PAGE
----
Hopscotch Music Festival 2019. What a time. What a place.
This was my second year covering Hopscotch Music Festival for Extra Chill, and in case you missed last year’s memo, you need to attend this festival. Hopscotch is hosted in downtown Raleigh at nine different venues that all relatively near each other. The Hopscotch lineup always seems to fill the “underground” niche of music festivals, and oooooweeee was the lineup good this year.
Heavy hitters this year that I really enjoyed included Cate Le Bon (listen to every piece of music she has made), Deerhunter (Bradford Cox does his thing, and does it well), Kurt Vile (a great live set, amazingly talented musician) and Orville Peck (another very talented musician who is updating old school country through the “weird” approach). These were all names I was familiar with going in to the festival, and they did not disappoint.
A favorite thing about Hopscotch is how amazing the unexpected things are. The first night I attended two shows at Slim’s which kind of blew my mind. The first was a Brooklyn based band Bambara that had an amazing take on noise based rock ballads. Think of the band Iceage, but going a little more wild. The second band that first night was New York shoegaze OGs, A Place to Bury Strangers. Having never experienced a proper shoegaze show, and thus not knowing the volume that it is played at, this was definitiely one of the first times I had physically felt sound and music. It was super intense, and super fun. I highly recommend both of these bands, particularly in a live setting.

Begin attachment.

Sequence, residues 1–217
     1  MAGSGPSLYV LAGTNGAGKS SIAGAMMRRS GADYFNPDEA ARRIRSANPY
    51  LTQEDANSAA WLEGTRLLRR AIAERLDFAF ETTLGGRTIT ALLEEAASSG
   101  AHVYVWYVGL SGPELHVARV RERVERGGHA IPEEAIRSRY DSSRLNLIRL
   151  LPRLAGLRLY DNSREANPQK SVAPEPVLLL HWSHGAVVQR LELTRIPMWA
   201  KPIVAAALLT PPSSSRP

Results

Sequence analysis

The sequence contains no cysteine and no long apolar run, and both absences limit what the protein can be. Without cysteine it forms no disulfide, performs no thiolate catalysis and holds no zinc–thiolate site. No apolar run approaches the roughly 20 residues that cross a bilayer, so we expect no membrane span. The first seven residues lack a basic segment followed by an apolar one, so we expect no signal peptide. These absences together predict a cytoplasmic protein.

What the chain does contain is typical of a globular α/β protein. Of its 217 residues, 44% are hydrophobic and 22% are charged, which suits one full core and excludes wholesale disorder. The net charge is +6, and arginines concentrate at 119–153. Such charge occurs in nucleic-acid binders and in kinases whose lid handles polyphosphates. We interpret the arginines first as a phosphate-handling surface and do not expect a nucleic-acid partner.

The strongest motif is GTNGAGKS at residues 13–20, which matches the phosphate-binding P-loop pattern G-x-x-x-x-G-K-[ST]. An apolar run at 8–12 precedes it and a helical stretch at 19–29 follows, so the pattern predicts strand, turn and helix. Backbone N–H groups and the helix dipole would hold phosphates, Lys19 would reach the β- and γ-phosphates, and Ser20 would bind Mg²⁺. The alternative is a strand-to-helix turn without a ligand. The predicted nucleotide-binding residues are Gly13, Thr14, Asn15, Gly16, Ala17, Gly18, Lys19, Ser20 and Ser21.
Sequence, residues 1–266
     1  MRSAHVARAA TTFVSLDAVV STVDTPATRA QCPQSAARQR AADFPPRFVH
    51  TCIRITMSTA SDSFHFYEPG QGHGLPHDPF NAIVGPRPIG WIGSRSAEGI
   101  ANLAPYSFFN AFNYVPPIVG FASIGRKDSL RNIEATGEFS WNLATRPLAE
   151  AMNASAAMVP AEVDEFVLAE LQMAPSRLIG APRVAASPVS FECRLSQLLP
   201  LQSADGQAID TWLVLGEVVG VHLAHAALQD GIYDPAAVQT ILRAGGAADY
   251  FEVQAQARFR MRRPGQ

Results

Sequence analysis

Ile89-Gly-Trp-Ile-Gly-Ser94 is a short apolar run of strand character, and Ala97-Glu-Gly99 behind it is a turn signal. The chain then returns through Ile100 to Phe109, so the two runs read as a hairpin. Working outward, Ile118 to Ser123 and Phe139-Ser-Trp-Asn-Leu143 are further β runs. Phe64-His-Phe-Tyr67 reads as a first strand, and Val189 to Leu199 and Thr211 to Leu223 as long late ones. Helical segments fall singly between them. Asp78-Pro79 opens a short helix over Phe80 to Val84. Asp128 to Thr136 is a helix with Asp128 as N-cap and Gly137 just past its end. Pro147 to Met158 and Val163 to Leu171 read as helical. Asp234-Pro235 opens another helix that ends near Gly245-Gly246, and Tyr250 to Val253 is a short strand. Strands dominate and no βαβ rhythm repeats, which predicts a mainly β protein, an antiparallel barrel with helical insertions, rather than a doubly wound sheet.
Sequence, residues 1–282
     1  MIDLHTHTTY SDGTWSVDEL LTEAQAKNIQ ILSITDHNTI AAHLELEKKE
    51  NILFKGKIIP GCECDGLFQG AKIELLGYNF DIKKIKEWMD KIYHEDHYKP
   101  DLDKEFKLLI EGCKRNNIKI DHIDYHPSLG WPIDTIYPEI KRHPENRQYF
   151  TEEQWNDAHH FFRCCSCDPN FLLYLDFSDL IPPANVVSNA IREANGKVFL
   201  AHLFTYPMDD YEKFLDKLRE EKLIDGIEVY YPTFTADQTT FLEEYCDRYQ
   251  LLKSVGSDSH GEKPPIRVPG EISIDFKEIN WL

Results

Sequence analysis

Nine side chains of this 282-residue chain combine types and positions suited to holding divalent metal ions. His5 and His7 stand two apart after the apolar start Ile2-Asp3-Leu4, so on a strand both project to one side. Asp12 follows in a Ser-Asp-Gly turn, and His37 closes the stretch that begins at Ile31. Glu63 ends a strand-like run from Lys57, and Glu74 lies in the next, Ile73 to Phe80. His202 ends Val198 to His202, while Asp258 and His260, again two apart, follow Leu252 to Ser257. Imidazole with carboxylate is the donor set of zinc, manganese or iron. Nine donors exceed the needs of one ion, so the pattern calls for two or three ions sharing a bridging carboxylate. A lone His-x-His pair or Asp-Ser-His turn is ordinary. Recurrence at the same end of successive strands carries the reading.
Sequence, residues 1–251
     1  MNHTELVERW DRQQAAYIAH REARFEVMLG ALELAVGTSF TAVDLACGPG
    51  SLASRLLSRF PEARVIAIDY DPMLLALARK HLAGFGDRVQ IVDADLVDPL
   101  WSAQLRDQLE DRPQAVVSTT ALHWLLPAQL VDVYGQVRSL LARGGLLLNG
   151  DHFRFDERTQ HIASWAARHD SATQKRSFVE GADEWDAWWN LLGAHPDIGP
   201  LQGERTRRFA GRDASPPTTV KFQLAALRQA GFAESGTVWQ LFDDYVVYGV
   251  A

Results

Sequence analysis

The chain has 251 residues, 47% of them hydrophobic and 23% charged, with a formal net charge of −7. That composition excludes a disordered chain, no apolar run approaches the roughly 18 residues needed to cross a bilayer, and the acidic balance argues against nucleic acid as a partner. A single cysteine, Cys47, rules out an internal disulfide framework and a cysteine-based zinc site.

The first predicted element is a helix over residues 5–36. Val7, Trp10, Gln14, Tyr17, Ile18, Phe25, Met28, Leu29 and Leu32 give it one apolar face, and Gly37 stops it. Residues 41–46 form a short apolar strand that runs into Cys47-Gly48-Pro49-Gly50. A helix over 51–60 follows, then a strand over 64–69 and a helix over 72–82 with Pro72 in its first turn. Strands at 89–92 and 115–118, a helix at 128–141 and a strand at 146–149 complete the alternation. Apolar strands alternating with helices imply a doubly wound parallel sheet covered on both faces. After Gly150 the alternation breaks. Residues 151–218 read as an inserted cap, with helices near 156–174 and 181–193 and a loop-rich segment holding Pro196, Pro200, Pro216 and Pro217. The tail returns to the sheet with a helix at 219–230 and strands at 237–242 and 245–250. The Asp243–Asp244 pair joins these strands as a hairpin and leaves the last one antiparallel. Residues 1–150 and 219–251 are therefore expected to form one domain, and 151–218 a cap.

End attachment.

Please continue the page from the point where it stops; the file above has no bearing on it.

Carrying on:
The unexpected gems of Hopscotch Music Festival are great for exposing yourself to something new that is so well-curated it’s bound to be good. This year’s lineup featured many bands with noise influence and alternative hip-hop groups with talent all around.
One of the most exciting aspects of Hopscotch is the regional bands that play both the festival and the free day parties. This year, Columbia’s Niecy Blues played an official Hopscotch set as well as a day party set, and Charleston local legend Brett Nash (of Secret Guest & more) played with musicians from ET Anderson to form the supergroup ET Nash. ET Nash played after Asheville band Shaken Nature, who you might have seen at Charleston DIY spot Dunk Zone last year. Both bands made for one of my favorite one-twos of the festival. The venue was a Charleston sized room in a house called The Outpost which also served as a legitimate tiki bar. The bar served up blended banana rum drinks and free cookies, and the stage featured live analog slide projections. It was a prime example of how great a house show environment can be and the best example I saw of how amazing and unique Hopscotch can be.
With a venue-based music festival it is crucial to have the setting fit the aesthetic and sound of each artist. A bunch of respect needs to be given to the sound engineers at all venues and stages because each show had exceptional sound quality for all the genres of music. Hopscotch takes the effort to ensure that bands perform in the best possible environment for their sound, and that the sound is as clear (and sometimes as loud) as possible. It is a festival where the music comes first, and is a great example of how music festivals should be approached.